A Tasty Recipe
My paternal Grandmother was an excellent cook! One of my most favorite things I loved about going to visit her was helping in the kitchen. Sadly I wish I knew then what I know now and I would have written down her many recipes. All of which she kept in her head.
One of the best things she made was her dinner rolls. They were always fluffy and buttery good! No one in our family has been able to duplicate those and we’ve all tried for many years.
She also made the best giant bread loaves. I remember making those with her and I finally found a recipe and instructions that come pretty dag-gone close to what I remember doing in her kitchen. It’s called Peasant Bread.
We always had a big family get together at least one night during our visit. My Dad’s brother and his wife would come to GrandMaw’s house after she spent the day in the kitchen. She didn’t like anyone else in there doing stuff while she was cooking. Always a bit of contention between she and my Mom. But she would let me come in and make bread with her. Not sure why. I’m the youngest of her three and only grand-children. All of us girls. But for some reason, maybe because I was the only one who asked, she let me help.
I remember one particular visit asking her if we could make a different kind of bread for the family dinner. She pulled out the ingredients, mixing bowls and such. Told me that bag of flour wasn’t going to be enough, go to the pantry and get the new bag and open it. I brought it back to the table where she had placed all the items I’d need. How much flour I asked? “About 3 or 4 cups” she said from the kitchen.
Ok..is it 3 or is it 4? This is the problem with good cooks, you never know exactly how much a pinch of this or a dab of that really is! Start with 3, she said. You can add more if you need it. Ok now that instruction I can relate to. She was also right there wasn’t enough flour in the 1st bag. So I measured out what was there and went to open the new bag.
Now back then, the brand of flour she used were not folded and glued shut the way they are today. Then, there was a metal strip across the top of the bag, you folded the top closed and then turned the ends of the metal strip down to grip the bag closed. That was after it was opened of course. Getting the blasted thing open was a different story! I don’t think I ever got one open that didn’t rip the top apart and make that stupid tab useless!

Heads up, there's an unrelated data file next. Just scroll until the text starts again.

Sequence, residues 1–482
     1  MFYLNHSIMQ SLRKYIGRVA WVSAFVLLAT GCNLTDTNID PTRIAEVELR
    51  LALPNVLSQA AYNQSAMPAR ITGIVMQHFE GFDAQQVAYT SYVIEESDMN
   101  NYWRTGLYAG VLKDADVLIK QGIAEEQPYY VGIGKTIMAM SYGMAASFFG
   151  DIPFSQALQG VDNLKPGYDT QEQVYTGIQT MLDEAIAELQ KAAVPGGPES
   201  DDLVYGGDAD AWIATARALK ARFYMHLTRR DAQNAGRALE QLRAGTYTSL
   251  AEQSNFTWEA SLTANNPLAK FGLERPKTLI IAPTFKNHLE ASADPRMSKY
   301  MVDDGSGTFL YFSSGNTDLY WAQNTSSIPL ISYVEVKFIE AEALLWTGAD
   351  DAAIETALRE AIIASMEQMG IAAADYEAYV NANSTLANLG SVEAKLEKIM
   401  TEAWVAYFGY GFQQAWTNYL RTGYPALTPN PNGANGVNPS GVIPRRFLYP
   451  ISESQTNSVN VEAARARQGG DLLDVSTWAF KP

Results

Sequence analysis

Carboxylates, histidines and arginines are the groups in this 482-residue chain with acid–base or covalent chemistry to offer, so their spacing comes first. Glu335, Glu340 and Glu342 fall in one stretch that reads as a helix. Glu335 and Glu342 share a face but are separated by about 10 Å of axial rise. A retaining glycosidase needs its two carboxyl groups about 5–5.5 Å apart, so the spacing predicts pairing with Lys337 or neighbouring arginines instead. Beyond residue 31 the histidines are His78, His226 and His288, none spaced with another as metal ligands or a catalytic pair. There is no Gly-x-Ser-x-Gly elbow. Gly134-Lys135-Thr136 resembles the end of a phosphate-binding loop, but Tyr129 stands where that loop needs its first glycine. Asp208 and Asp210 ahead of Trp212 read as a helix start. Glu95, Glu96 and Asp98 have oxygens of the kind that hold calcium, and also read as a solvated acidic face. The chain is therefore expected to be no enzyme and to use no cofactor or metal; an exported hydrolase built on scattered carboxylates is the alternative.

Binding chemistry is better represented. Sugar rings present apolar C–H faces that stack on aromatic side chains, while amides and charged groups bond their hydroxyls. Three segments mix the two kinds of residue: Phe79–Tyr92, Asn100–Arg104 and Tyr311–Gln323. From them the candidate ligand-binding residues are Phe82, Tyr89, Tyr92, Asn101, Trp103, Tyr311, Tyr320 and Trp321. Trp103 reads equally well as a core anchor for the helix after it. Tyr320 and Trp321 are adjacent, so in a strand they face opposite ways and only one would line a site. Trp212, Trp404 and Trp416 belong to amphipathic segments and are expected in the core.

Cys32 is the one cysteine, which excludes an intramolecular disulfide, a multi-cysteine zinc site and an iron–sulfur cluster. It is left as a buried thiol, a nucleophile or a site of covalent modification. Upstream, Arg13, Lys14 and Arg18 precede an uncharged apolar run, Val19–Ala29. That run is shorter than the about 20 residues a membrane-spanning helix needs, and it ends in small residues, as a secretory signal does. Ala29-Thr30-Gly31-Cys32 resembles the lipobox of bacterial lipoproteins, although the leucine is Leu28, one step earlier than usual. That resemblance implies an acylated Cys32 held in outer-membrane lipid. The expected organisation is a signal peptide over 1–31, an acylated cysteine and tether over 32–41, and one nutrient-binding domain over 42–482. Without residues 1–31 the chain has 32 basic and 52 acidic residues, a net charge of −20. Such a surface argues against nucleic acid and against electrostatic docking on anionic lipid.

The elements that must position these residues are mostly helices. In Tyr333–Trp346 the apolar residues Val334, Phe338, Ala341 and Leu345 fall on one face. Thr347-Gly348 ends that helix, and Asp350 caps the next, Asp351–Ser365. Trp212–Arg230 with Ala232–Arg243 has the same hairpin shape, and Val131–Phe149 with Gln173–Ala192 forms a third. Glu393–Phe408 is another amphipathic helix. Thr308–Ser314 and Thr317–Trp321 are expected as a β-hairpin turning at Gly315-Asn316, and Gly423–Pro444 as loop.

So here I am, trying to open the new bag. I’m trying to be careful. After all GrandMaw might have been a tiny woman, but you didn’t want to make her mad. Even my Dad at 6’2″ was afraid of her. I’m trying to get the bag open and somewhere in my frustration I said something like why can’t they make these things easy to open! In response to that, she comes walking into the dining room right as….the top gives way and rips open, tearing a piece out of my hand as the 1 pound bag falls to the table. As it hit with a giant thud, the top of the flour flies up out of the bag, into my face, all over my hair and cascades around my shoulders and well…everything!
For a brief moment I’m in total shock and awe! Then I hear laughing. Boisterous laughter like I had never heard before. Instead of being angry, my little tiny GrandMaw burst out with laughter. It was SO unusual that everyone in the house came to see what the heck was going on. Here she was, laughing so much and so hard she couldn’t speak. Well you didn’t really have to say what happened, all you had to do was look at me.
She caused such a commotion with her laughter that my Dad and Uncle came in from outside on the porch to see what the heck was going on. And as each member of the family entered the dining room, they all joined in and laughed hysterically.
I was, at many moments in my life, the source of humor for my family.